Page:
WILL A GESTATIONAL CARRIER’S GENETICS AFFECT OUR CHANCES?

A gestational carrier is not related biologically to the baby she carries to term. The pregnancy is the result of a donor egg – not her own – and a donor sperm. Therefore, if the embryos implanted in the gestational carrier originate from an egg donor and the sperm of one of the intended parents, the gestational carrier has no contribution to the genetic make-up of the baby.

TRANSGENDER FERTILITY FAQ

WHAT ARE MY OPTIONS TO HAVE GENETIC CHILDREN IN THE FUTURE?

Freezing your eggs or sperm before you undergo any type of treatment – surgery or hormonal – that may render you incapable of producing sperm or eggs in the future is a crucial step in your future fertility.

A biological male who is planning to transition to a woman and has banked sperm can use the sperm with IUI or IVF if she is in a relationship with a woman. If she is in a relationship with a man or is single, she can use an egg donor and a gestational carrier.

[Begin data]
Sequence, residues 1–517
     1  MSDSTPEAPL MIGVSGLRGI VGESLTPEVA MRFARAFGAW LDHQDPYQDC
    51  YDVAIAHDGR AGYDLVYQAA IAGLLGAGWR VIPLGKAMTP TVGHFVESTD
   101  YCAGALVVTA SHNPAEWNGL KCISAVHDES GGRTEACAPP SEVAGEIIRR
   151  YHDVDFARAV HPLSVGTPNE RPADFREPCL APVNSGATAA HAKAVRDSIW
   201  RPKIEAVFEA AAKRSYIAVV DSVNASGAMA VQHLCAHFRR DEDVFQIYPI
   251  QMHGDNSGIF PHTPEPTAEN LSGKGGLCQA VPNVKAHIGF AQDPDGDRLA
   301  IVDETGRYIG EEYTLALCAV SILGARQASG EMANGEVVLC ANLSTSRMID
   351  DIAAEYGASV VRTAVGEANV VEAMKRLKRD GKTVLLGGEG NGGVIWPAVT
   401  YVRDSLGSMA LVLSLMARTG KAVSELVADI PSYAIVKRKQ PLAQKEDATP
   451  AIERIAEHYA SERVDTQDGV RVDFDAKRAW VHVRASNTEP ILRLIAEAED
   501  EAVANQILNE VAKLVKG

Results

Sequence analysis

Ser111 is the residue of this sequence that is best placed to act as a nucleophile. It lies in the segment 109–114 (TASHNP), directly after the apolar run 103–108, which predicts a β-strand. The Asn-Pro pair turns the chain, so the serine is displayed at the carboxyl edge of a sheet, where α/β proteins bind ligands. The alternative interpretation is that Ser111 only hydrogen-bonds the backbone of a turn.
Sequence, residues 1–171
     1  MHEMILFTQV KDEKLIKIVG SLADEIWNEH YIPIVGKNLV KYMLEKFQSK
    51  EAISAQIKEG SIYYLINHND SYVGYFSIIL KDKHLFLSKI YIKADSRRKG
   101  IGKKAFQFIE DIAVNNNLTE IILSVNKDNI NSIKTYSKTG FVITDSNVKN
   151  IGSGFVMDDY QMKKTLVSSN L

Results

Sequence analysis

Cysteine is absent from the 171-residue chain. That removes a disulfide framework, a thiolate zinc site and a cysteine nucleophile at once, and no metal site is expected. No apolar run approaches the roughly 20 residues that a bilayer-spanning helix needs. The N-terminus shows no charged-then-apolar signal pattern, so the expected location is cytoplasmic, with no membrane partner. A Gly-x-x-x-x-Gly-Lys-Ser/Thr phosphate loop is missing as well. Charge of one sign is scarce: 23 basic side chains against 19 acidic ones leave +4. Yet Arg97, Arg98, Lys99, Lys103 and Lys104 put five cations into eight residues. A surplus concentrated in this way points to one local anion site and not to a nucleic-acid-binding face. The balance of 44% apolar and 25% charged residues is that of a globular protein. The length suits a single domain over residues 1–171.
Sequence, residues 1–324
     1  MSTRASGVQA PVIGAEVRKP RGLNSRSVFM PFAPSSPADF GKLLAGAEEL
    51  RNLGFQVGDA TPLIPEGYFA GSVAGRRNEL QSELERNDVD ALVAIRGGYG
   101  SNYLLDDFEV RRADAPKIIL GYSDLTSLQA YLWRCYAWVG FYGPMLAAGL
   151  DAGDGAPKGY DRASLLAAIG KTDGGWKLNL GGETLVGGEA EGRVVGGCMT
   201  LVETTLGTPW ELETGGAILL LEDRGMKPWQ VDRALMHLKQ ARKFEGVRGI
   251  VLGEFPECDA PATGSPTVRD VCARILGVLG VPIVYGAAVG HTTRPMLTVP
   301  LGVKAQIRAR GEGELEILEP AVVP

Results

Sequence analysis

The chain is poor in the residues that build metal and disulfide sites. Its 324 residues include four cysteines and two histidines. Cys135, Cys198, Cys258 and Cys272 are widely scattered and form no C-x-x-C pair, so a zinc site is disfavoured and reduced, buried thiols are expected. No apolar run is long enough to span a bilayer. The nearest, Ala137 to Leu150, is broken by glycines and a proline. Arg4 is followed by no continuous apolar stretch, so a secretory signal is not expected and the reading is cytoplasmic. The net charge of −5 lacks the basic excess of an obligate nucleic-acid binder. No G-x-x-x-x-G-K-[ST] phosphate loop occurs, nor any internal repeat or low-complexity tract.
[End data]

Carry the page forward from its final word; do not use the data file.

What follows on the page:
A biological female who is planning to transition to a man and has frozen eggs can use donor or partner sperm and a gestational carrier if he is single or in a relationship with a man. If he is in a relationship with a woman, they can go through reciprocal IVF/PAR, whereby the partner is inseminated with an embryo created by donor sperm and the frozen eggs.

IF I DON’T FREEZE SPERM OR EGGS BEFORE I BEGIN HORMONES, AM I OUT OF LUCK?

No, you still have options. It all depends on where you are in time with your hormones. If it has been just one month, it should be OK. If it has been over a year, it’s still a potential option, but not ideal. If you stop hormone therapies, there is a possibility that sperm production may resume or that ovaries will ovulate again. However, every case is different, and further analysis is required to determine how long you can be on hormone therapy before it potentially becomes irreversible.